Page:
Thus, the summative assessment for this module consists of:
- Plan for Project (1,500 words)
- Final Project (3,000 words)
Formative assessment and feedback
Verbal feedback will be given from module leader and peers during seminar discussions and activities around the research plan/projects as well as brief written feedback on planned research questions in the module discussion forum on Surrey Learn.
- Develop students’ understanding of some of the main concepts and key debates
- Introduce students to some of the main methodologies to analyse public policies
- Consolidate students’ ability to apply theoretical models to real-life examples, through
|001||Discuss some of the main concepts and key debates associated with the analysis of||KC|
|002||Apply different methodologies to the analysis of public policies||KCPT|
|003||Gather, organise and deploy evidence, data and information from a variety of||KCPT|
|004||Employ relevant research skills to investigate a policy-related area.||KCPT|
|005||Access relevant policy-related datasets and be able to retrieve data from them.||KCPT|
C - Cognitive/analytical
K - Subject knowledge
T - Transferable skills
P - Professional/Practical skills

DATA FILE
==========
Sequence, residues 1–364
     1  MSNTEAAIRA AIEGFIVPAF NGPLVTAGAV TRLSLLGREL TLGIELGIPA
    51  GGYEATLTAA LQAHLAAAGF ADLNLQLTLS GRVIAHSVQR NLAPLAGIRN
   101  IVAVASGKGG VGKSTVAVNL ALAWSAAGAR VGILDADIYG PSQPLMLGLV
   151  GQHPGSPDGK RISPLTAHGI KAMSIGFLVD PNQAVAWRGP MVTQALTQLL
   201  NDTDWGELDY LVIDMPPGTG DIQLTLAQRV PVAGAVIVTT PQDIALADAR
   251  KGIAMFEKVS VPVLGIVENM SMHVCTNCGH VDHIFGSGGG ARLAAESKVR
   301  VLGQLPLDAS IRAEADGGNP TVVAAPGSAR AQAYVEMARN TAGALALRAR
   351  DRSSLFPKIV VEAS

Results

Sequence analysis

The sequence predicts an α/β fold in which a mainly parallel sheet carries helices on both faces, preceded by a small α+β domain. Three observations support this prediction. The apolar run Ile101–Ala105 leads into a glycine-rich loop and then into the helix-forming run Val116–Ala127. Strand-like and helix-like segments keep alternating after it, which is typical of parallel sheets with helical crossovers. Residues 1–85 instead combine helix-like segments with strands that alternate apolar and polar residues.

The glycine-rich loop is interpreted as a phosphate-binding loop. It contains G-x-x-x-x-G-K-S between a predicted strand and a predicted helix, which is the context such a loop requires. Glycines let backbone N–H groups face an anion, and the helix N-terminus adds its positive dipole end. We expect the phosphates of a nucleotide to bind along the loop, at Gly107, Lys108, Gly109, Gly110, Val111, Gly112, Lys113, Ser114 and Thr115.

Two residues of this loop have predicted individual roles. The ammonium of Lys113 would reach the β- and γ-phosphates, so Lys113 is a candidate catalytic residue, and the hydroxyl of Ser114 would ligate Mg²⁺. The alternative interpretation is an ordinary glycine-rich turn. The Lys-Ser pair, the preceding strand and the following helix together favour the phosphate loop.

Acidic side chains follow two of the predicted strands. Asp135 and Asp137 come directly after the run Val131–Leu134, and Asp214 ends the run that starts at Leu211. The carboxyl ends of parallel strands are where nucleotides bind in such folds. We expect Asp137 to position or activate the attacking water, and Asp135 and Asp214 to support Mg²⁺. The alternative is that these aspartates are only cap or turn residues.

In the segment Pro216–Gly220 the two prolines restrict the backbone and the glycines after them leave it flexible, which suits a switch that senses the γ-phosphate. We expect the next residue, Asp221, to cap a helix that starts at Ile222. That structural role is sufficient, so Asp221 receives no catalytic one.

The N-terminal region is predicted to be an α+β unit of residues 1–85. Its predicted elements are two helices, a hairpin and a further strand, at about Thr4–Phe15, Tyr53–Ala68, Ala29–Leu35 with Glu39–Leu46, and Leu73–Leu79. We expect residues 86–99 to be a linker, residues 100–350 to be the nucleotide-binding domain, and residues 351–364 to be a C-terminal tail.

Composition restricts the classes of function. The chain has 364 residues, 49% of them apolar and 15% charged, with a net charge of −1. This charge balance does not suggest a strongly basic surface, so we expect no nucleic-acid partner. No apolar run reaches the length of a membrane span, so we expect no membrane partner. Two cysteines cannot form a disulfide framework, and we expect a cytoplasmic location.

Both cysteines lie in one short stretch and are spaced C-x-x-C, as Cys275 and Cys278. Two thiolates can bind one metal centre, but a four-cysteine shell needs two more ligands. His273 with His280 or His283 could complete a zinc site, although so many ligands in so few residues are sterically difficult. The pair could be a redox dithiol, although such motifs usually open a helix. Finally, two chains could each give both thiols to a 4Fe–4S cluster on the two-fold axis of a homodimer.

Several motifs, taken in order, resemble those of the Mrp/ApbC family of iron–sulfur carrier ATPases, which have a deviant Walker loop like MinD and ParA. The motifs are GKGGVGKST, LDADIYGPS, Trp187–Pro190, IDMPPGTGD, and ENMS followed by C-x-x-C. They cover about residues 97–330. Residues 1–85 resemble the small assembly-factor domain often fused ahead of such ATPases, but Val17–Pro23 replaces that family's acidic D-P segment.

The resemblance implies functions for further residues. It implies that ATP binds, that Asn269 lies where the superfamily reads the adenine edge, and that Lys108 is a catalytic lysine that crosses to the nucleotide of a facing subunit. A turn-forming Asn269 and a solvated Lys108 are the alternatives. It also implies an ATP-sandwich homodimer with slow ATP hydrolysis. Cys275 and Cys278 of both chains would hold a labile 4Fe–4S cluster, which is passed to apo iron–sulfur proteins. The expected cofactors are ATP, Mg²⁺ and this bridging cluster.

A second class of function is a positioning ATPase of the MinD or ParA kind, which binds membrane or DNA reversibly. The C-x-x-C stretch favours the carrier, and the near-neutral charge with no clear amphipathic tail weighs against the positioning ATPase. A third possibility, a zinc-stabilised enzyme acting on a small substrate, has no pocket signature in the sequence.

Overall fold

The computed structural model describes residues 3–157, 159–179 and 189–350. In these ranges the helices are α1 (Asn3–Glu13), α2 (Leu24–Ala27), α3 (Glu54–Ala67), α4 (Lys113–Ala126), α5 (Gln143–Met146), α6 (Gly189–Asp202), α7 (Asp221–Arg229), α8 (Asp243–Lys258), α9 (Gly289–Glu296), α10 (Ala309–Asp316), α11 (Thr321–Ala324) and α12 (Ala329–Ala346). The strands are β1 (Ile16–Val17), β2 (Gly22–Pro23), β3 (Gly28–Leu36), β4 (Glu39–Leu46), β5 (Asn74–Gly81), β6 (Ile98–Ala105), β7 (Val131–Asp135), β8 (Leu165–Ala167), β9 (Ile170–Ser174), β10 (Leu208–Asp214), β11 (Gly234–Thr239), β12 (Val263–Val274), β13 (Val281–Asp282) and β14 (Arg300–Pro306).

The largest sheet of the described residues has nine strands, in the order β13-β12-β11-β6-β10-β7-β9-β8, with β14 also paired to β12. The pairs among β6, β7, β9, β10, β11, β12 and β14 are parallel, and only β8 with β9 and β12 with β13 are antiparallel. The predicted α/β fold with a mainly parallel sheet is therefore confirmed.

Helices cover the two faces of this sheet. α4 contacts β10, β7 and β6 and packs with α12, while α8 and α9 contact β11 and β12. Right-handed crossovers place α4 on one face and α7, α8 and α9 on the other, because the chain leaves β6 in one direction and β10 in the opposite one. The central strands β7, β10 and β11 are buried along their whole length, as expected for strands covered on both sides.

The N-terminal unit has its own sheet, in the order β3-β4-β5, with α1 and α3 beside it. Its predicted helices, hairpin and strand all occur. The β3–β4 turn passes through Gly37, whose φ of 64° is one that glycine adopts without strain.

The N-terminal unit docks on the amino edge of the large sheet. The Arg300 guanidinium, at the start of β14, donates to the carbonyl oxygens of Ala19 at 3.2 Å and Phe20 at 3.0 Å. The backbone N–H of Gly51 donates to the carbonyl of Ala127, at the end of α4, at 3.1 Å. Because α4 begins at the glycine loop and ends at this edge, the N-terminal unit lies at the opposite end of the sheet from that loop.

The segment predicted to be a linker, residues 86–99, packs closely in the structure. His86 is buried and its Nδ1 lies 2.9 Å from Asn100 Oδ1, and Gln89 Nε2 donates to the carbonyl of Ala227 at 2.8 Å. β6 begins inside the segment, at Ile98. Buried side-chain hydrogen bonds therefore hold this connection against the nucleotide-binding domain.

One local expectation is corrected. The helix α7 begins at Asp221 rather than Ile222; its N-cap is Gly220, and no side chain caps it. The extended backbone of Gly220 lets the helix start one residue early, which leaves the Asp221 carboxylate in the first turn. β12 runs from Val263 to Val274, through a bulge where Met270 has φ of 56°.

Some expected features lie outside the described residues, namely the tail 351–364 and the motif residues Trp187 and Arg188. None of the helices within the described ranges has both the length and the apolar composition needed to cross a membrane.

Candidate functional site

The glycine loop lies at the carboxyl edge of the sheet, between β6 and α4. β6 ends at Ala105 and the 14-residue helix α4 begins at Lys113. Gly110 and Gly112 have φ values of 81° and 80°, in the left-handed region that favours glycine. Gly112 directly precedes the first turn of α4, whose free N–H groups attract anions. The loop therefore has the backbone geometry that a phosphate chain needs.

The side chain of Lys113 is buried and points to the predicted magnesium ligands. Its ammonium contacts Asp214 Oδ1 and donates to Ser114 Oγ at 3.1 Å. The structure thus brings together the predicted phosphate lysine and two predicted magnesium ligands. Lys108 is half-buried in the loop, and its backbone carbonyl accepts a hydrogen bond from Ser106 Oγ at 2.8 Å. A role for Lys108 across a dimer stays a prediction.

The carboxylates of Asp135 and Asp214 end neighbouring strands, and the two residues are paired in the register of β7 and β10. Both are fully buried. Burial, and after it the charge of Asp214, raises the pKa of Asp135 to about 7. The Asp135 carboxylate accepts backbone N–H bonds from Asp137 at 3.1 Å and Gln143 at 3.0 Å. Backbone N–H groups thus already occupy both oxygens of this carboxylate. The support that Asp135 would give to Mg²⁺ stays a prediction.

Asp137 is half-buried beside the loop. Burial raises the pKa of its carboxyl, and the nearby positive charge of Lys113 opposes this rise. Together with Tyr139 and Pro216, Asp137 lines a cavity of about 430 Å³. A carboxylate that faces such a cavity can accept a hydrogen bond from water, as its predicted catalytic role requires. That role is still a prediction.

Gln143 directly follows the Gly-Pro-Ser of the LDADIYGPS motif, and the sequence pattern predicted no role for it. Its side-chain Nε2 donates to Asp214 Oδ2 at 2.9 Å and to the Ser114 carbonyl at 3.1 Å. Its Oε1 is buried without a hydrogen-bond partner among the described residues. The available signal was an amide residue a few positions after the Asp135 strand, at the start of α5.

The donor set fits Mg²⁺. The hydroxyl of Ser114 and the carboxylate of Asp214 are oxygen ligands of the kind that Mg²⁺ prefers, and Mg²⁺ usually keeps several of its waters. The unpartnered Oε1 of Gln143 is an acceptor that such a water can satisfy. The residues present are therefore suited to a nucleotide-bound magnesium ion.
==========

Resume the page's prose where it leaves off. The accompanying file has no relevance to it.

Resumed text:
Methods of Teaching / Learning
The learning and teaching strategy is designed to:
Introduce students to some of the key concepts in public policy analysis and to enable them to discuss these theories with contemporary case studies of policy areas in preparation for carrying out their own independent research on a piece of public policy.
The learning and teaching methods include:
- 11 x 2 hour workshops (including a mixture of lectures and seminar discussions) plus independent study, guided discussions on the VLE and preparation of own individual research projects.
Indicated Lecture Hours (which may also include seminars, tutorials, workshops and other contact time) are approximate and may include in-class tests where one or more of these are an assessment on the module. In-class tests are scheduled/organised separately to taught content and will be published on to student personal timetables, where they apply to taken modules, as soon as they are finalised by central administration. This will usually be after the initial publication of the teaching timetable for the relevant semester.
Upon accessing the reading list, please search for the module using the module code: POL2047
Programmes this module appears in
|Public Affairs MPA||1||Compulsory||A weighted aggregate mark of 40% is required to pass the module|
|Politics and Sociology BSc (Hons)||1||Compulsory||A weighted aggregate mark of 40% is required to pass the module|
|International Relations BSc (Hons)||1||Optional||A weighted aggregate mark of 40% is required to pass the module|
|Politics BSc (Hons)||1||Optional||A weighted aggregate mark of 40% is required to pass the module|
Please note that the information detailed within this record is accurate at the time of publishing and may be subject to change. This record contains information for the most up to date version of the programme / module for the 2022/3 academic year.